That’s part of the reason why even though Superpower’s return is somewhat random, I buy his new allegiance to Capheus. They have a personal history together and maybe that’s enough to put them on the same side. Though he kind of frames it in terms of regionalism, Superpower’s connection to Capheus is ultimately an experiential one—they both grew up in the slums and that gave them a certain scrappy determination and a shared outlook on life. The political riot is the sort of massive action sequence that’s breathtaking in scope, but Sense8 keeps it grounded in character as well, lending specificity and stakes to the visual spectacle.


In terms of other identity-related stories, Will struggles through the pain of his father’s death before rediscovering his identity as a cop for what feels like the umpteenth time this season. And in the most literal sense of impostor syndrome, Sun has to maintain her cover as a bartender at her brother’s gala with the help of Lito’s impressive skills. But there’s another theme at the heart of “If All The World’s A Stage…” too, and it’s, well, matters of the heart.

One of Sense8’s calling cards is that it’s so open, earnest, and celebratory about sexuality. But “If All The World’s A Stage…” puts aside the sex for once to focus on pure, old-fashioned romance. Though I’ve never been quite as invested in the Will/Riley pairing as the show wants me to be, Kala and Wolfgang more than fulfill my quota for intra-cluster romance. Tina Desai and Max Riemelt have fantastic chemistry that sells the idea that these two very different people would be inexplicably drawn to one another. And though we’ve already seen them have sex, there’s something almost Austen-esque about how much sexual tension this episode is able to wring from a hand touch and a kiss or two. Having been stuck in a holding pattern for so long, it’s refreshing to see Kala definitively choose Wolfgang over Rajan. But though it’s easy to get swept up in the sun-drenched romance of the Kala/Wolfgang scene, the episode’s most romantic moments belong to Lito and Hernando.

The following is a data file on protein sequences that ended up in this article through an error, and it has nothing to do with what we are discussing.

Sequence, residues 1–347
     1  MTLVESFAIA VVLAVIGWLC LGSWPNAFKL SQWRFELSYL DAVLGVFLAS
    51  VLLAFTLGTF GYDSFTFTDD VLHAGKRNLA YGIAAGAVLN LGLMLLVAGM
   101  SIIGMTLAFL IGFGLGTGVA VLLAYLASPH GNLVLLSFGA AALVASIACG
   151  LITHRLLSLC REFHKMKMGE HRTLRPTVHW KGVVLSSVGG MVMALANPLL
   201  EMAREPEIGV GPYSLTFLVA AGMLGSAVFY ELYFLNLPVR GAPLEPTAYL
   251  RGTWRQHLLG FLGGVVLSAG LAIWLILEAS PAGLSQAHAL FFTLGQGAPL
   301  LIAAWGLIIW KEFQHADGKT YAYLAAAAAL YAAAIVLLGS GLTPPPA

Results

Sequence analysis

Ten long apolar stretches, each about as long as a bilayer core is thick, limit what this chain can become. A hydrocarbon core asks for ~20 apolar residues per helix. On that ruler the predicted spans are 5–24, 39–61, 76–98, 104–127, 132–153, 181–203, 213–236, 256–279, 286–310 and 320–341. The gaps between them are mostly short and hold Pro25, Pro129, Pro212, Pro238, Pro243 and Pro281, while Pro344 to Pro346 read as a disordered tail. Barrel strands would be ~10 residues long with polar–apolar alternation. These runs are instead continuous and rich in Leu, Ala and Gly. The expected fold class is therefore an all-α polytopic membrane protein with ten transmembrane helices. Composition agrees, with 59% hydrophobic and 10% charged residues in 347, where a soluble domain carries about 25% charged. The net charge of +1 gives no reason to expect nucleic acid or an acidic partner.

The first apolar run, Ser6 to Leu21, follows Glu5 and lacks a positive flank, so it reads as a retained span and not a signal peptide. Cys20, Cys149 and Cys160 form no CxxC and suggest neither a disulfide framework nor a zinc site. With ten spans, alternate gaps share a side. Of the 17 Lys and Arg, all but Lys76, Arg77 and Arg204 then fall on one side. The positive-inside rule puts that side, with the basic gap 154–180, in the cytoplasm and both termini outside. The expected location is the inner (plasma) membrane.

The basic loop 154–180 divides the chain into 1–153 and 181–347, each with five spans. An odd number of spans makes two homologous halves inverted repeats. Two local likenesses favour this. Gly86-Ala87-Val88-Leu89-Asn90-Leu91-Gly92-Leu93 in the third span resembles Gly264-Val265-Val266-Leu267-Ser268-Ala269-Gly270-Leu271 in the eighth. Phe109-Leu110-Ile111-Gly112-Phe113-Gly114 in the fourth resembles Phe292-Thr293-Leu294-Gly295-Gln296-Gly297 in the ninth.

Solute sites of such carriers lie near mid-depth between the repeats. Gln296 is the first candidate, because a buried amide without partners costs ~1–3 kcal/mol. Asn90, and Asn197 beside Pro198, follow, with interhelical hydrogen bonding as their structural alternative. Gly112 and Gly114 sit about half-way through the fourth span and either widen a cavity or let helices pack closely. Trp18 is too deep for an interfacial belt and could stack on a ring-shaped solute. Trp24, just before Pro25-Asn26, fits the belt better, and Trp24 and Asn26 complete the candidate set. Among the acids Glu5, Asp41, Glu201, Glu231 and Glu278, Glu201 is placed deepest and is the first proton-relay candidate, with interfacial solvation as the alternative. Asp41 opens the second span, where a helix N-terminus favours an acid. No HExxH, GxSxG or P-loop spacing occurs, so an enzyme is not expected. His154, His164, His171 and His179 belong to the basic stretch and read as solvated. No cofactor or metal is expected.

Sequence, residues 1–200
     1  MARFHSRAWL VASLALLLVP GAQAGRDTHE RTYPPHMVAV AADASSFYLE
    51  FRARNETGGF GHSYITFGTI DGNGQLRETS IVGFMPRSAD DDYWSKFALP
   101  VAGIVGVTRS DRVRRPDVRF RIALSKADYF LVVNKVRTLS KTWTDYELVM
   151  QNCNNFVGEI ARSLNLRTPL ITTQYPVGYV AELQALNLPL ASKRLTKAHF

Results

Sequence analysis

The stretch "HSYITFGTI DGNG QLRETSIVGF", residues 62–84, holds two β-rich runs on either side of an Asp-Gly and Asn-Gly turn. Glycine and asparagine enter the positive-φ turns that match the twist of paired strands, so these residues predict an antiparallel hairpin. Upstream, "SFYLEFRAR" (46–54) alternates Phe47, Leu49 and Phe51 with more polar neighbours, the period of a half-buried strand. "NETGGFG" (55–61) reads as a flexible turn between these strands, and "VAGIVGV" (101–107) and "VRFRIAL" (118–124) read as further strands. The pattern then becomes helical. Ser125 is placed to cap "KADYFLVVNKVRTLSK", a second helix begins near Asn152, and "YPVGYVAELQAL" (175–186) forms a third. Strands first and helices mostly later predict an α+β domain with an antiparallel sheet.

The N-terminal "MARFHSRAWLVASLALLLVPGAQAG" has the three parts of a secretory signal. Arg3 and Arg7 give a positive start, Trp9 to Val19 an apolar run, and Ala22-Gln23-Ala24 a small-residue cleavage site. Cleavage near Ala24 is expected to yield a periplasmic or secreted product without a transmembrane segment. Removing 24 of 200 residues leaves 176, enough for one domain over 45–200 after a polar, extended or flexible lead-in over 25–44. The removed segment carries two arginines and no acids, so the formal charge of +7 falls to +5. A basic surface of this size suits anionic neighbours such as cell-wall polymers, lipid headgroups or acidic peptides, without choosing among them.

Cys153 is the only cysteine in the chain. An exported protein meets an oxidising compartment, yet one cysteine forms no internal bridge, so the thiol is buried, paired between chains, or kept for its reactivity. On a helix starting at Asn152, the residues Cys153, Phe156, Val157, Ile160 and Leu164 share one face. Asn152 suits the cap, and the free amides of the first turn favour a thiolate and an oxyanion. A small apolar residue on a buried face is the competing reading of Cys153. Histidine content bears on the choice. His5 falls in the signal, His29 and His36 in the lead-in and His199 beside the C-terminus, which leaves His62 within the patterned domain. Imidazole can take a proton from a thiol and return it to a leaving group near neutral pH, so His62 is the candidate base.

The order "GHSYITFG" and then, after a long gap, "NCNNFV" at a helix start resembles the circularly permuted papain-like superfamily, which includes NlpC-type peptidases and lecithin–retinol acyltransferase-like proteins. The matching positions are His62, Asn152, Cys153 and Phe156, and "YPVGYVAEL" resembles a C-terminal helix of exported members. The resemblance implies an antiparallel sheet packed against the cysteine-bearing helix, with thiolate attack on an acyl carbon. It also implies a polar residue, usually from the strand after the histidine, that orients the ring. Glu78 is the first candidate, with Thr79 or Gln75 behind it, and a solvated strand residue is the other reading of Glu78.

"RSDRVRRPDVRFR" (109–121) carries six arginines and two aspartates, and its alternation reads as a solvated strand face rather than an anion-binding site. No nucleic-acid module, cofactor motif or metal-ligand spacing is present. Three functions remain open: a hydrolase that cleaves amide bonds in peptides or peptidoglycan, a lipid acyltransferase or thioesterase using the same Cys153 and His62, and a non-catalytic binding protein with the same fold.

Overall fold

As Marc Jacobs notes, gay male relationships are often associated with sex more so than with romance. (Now there’s a sentence I didn’t expect to be writing in a Sense8 review.) And one of the things that was so lovely about Lito’s proclamation of love at the São Paulo Pride Parade was that it was a moment of pure romance for a couple who have had their fair share of hot and steamy sex scenes. And that romantic streak continues in “If All The World’s A Stage…” as Lito and Hernando offer the From Queer To Eternity scene the world didn’t know it was missing.

It’s a beautiful, uplifting sequence that’s all the more unexpected because it follows on the heels of the introduction of a character who seems destined to come between Lito and Hernando. And while that might still be the case, for now Sense8 reaffirms the strength of one of its strongest relationships. During his impostor syndrome crisis, Lito turns not to one of the seven voices in his head, but to the man who’s been at his side long before his sensate rebirth. And Hernando knows just how to reassure Lito and how to lift him out of his funk with a little movie magic. Yes it’s an incredibly sexy sequence, but even more importantly, it’s an incredibly sweet one too.


I’ve teared up every time I’ve rewatched the beach scene because it functions so well as both a specific celebration of the Lito/Hernando dynamic and as a broader example of what makes Sense8 so special. In between its mysteries, action scenes, and orgies, Sense8 is a show that celebrates the human experience in all of its diversities. Sometimes that means watching an up-and-coming Kenyan politician assert the need for peace and understanding. And other times it simply means watching two hot boyfriends make out on the beach.

Stray observations

  • On the one hand, given Andy Dick’s long history of sexual abuse, I’m super disappointed in Sense8 for casting him. On the other hand, getting Andy Dick to play a character who shoved an Oscar up his butt is also kind of inspired.
  • It’s pretty convenient that the sensates always have an empty seat next to them whenever they fly.
  • I was both surprised and delighted to see Cheyenne Jackson pop up as Lito’s new co-star, the perfectly named Blake Huntington. I know the show generally keeps Lito’s storyline away from the mythology stuff, but I hope Blake is another sensate. Also I hope he sings.
  • So was Miguel Ángel Silvestre already a flair bartender or did he learn that for the show? Either way, I’m impressed.
  • I was touched by Will struggling through his blocker-induced haze to warn Capheus he was headed for a trap. I was also touched by Capheus forgiving Will by noting, “When my father was killed I went a bit crazy too.”
  • It took every ounce of my willpower not to just watch the finale instead of writing this review. Let the sensate heist begin!
  • On that note, I leave you in Rowan’s incredibly capable hands for the finale. It’s been such a joy to get to write about this show and to read your insightful comments. If you want to chat more, come find me on Twitter where I’m doing important things like sorting the sensates into Hogwarts houses.